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Highlight on Conveyancing - Considerations for Joint Purchasers

Joint ownership of property : when you are buying your property jointly you will have to decide how you wish to hold it. This is a very important part of your purchase and you should consider this carefully and discuss matters, both between the purchasers and with with your lawyer.


Contributions:- (Original and Ongoing)

In every case you should consider what financial contribution each of you has made to the purchase at this stage and who will be making the payment of the property expenses once it is purchased e.g.. Mortgage, Improvement costs or insurance payments.

The options are as follows:-


You are both regarded as owning the whole of the property.  In the event that one of you dies, the survivor automatically takes the interest in the property of the person who has died. This is automatic and overrides any provisions you may make for the property in your Will. Therefore the survivor becomes the sole owner of the property and, for example, could sell it and keep the proceeds of sale without distributing them to anyone under a Will or under the intestacy rules. This is the usual arrangement for married couples.

To hold the property as joint tenants it is normally assumed that either:-

All parties contributions to the purchase and future expenses are approximately equal or

That the person making the greater contribution is happy to make a gift to the other i.e.. they are happy that the interest will be equal even though they have contributed more.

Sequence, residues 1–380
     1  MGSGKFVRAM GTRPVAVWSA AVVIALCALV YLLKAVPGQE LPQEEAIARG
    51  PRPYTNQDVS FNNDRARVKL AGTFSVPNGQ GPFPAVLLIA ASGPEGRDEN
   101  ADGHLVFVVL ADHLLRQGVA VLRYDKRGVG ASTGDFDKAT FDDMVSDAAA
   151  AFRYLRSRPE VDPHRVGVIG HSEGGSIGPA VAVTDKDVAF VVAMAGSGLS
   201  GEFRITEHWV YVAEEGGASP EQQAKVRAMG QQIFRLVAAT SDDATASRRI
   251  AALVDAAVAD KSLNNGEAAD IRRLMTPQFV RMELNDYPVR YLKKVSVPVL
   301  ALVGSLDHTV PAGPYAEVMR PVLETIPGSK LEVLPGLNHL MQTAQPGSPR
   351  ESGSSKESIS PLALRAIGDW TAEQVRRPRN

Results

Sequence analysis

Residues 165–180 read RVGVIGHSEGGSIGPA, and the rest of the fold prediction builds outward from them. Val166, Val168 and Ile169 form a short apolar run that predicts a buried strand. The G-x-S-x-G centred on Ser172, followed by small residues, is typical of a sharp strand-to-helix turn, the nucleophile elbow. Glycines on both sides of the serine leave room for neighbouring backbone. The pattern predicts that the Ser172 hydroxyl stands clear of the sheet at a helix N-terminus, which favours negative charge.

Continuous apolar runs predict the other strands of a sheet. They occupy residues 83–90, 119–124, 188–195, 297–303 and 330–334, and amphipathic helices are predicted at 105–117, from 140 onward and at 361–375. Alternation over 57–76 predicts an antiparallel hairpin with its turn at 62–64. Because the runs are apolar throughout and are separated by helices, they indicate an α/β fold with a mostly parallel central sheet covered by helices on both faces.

You are regarded as having separate shares which can be equal (50/50) or unequal (e.g.. 70/30).  In the event one of you dies his or her share does not automatically pass to the survivor.  It may pass to who ever the deceased person wishes either under the terms of his or her Will or, if under the intestacy rules.  It is advisable, particularly in these circumstances, to make a Will.

3. You may also hold the property under the terms of A TRUST DEED / DECLARATION OF TRUST 

When you hold as tenants in common you might also consider making a deed which is sometimes referred to as a declaration of trust. A trust deed may be required where unequal shares are being considered, for example where the purchase money is being contributed unequally, but the future outgoings are to be contributed equally or vice-versa. A trust deed is useful to set out the shares on which you hold the property and how the proceeds of sale would be shared if the property was sold. A trust deed is helpful because the remedy for a dispute between tenants in common is normally resolved by the sale of the property- the trust deed can give the persons who wish to retain the property a right to buy from those who wish to sell their interest.  These are just a couple of simple examples for why a trust deed is useful for those who hold the property as tenants in common, but almost any arrangement can be provided for in a trust deed.

Independent Legal Advice

In some circumstances the interest of each co-owner may be different in considering this aspect of the matter and in every case, we would recommend you consider seeking independent legal advice on this issue. Certainly if you are unhappy with the arrangement being proposed, we would normally insist that you do so.


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